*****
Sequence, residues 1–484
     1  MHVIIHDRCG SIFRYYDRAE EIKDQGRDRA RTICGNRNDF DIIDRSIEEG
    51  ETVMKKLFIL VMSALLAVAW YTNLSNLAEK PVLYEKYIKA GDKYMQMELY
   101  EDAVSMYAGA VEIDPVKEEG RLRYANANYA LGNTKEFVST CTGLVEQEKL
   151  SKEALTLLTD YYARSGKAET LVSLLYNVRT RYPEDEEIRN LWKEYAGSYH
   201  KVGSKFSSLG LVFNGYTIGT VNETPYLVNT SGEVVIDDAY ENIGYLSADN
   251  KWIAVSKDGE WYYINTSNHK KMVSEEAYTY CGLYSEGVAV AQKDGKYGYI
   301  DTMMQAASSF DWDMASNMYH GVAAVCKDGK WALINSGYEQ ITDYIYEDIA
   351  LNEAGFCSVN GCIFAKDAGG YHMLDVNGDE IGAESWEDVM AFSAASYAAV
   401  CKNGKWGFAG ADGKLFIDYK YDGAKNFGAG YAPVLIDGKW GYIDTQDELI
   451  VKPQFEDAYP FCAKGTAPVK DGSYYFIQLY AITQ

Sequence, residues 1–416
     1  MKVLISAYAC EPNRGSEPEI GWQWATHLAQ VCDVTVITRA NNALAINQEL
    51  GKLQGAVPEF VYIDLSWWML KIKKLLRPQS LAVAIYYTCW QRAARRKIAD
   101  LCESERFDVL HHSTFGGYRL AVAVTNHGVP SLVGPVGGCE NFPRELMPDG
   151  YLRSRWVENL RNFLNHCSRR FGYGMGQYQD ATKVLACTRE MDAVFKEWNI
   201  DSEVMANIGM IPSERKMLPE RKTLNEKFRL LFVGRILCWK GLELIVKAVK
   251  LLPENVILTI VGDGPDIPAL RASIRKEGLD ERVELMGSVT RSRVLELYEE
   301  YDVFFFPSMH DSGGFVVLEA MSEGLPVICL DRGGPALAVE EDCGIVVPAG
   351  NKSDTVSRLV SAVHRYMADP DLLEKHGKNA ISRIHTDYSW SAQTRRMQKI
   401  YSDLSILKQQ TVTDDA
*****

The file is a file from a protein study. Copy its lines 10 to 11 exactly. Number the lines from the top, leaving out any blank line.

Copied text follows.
   401  CKNGKWGFAG ADGKLFIDYK YDGAKNFGAG YAPVLIDGKW GYIDTQDELI
   451  VKPQFEDAYP FCAKGTAPVK DGSYYFIQLY AITQ